As I’ve written about before on numerous occasions, New York City has a robust arts program throughout its subway system. (You can see those other posts by clicking the “Transportation” link on the right-hand side of the blog.) By far, the largest and most diverse collection of subway station art in the city is located at the Times Square-42nd Street station in Manhattan. In fact, the art offerings at this station qualify it as an underground museum in my estimation, worth the time it will take to meander all parts of the station to discover hidden gems.
So let me take you on a tour of this “underground museum.” First, be on the lookout for “Losing My Marbles,” a set of fun, colorful glass mosaic walls by artist Lisa Dinhofer. This artwork is located on the mezzanine level near the A/C/E platforms.
Another glass mosaic mural, “New York in Transit,” is located over a stairwell connecting the mezzanine level to the N/Q/R platforms. The artist, Jacob Lawrence, came of age in the Harlem Renaissance of the 1920s and is known for his pioneering contributions to documenting African-American history through art. The angles makes it hard to get good photos of the entire mural, as the glass tiles reflect the light, but I was able to get a good close-up photo.
Nearby is this mural by iconic pop art artist Roy Lichtenstein, titled “Times Square Mural, 2002.” Once again, to spot this mural you have to look up!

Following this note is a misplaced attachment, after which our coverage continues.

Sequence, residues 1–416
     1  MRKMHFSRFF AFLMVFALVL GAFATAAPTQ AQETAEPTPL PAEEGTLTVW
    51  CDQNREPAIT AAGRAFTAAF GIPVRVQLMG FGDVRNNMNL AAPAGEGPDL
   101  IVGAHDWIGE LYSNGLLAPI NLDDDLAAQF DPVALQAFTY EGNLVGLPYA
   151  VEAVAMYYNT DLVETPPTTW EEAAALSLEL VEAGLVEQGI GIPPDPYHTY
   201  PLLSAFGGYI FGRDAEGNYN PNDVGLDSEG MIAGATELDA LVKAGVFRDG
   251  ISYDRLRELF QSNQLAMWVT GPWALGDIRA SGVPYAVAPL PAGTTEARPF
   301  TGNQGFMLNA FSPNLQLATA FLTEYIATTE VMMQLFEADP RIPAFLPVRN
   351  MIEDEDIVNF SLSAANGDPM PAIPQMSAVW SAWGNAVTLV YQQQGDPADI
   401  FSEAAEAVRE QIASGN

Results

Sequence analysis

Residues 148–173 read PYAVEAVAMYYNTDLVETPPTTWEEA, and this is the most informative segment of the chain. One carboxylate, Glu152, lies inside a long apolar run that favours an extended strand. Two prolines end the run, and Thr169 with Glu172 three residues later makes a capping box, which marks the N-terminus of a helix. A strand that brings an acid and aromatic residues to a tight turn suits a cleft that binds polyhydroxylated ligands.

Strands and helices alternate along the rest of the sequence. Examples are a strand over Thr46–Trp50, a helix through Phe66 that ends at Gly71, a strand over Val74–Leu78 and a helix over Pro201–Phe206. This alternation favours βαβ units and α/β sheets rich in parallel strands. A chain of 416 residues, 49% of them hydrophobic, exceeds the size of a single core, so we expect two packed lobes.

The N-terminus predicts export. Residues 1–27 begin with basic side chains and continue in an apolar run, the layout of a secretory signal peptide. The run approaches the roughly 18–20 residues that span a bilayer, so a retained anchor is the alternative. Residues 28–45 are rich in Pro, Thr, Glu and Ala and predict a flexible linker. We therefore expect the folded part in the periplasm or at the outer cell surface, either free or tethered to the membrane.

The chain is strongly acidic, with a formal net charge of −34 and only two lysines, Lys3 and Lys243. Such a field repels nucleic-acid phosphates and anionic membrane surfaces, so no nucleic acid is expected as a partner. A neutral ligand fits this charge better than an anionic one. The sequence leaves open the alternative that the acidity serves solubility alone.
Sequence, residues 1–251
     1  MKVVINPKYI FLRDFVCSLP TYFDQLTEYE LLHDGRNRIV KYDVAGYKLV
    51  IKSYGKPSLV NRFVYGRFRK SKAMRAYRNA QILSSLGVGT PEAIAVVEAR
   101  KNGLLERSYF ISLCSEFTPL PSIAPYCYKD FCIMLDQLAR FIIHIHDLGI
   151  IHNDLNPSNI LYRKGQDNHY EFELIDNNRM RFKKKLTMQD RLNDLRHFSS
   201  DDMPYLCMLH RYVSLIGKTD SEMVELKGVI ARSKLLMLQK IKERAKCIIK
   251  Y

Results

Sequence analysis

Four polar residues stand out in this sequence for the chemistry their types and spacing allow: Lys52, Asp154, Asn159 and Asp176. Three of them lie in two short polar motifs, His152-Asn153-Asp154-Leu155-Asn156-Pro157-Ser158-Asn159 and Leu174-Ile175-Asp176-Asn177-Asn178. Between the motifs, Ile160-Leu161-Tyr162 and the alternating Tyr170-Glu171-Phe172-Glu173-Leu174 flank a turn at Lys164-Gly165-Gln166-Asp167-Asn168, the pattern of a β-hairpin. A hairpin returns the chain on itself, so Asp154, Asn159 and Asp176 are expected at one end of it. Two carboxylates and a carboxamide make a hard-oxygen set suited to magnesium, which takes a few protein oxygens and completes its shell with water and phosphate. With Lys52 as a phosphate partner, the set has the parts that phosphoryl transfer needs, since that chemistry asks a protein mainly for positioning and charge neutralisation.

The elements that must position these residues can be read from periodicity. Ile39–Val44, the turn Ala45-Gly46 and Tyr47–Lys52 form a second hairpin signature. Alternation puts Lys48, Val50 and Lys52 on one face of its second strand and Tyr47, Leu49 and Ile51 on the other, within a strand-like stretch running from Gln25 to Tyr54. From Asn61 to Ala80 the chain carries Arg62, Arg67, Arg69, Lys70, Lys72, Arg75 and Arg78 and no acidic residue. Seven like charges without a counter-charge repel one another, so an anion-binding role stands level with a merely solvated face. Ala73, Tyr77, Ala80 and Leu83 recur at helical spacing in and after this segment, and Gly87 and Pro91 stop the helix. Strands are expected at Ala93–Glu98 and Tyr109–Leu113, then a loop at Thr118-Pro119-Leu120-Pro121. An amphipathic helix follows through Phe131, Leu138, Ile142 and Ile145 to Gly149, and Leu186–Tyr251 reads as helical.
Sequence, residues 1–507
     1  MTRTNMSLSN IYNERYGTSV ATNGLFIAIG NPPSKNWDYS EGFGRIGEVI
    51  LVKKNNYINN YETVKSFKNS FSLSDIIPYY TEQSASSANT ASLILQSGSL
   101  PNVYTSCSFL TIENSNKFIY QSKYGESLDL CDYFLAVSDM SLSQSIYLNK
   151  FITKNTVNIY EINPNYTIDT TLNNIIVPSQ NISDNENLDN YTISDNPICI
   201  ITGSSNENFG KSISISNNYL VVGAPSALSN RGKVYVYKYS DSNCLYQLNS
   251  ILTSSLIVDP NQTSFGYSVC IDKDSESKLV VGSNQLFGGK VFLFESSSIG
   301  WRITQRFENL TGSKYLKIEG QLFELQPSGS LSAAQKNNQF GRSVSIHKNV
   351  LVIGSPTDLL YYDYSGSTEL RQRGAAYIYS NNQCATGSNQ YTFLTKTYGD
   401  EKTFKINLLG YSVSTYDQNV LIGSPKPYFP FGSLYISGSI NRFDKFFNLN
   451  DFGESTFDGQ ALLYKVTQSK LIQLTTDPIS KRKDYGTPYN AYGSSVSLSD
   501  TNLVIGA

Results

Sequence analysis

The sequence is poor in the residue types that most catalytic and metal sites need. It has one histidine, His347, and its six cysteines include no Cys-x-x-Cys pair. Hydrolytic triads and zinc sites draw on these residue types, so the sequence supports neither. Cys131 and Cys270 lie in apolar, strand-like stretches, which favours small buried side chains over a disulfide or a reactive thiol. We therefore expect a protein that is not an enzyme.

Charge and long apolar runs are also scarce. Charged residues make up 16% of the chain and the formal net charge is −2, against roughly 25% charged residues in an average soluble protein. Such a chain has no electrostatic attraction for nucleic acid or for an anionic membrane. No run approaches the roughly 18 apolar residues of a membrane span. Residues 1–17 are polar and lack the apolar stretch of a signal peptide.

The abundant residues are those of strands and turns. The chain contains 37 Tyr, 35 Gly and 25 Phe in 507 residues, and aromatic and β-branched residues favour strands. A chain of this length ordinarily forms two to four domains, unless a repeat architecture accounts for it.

At the mezzanine level near the 7 train platform you will find two glass mosaic tile murals by artist Jack Beal, titled “The Onset of Winter” and “The Return of Spring.” These murals portray scenes of vintage New York City life near the subway station.
In a corridor between the 1/2/3/ and S platforms you will find 35 small vibrant ceramic panels by artist Toby Buonagurio. This installation is titled “Times Square Times: 35 Times.” Here are a few of my favorites.
In the corridors connecting the A/C/E platforms to the rest of the Times Square-42nd Street station, there a series of more than 60 glass mosaic works by artist Jane Dickson called “The Revelers.” The mosaics bring the spirit of New Year’s Eve at Times Square underground. Here are a few of my favorites.
Finally, there is this unique installation, a poem written by Norman B. Colp titled “The Commuter’s Lament,” or “A Close Shave.” In creating this installation, Colp drew inspiration from vintage roadside advertising campaigns by a company called Burma-Shave, which had catchy slogans printed on a series of signs along the side of roads. You’ll find “The Commuter’s Lament” in a long corridor near the A/C/E platform. Make sure you look up as you walk – otherwise you’ll miss the lines of the poem as they are attached to ceiling beams. It’s not in the most pristine condition, as it’s been up since 1991, but it is still a lot of fun.
Here is the full text of “The Commuter’s Lament”:
Why the pain?
Just go home
Do it again.
The tone of the poem has been controversial, as some people believe that Colp was too negative about life in New York City. For most New Yorkers though, it realistically expresses the often tiring daily commute in a wry, yet humorous way. (I fall into the second category, by the way!)
The Times Square station is large and sprawling, with platforms connected by ramps, stairways, and long corridors stretching multiple city blocks underground. Taking any of these trains will get you there: the A, C, E, N, Q, R, 1, 2, 3, 7, or S (shuttle). Technically, the A, C, and E station is the 42nd Street-Port Authority Bus Terminal station, but it is fully connected to the Times Square station.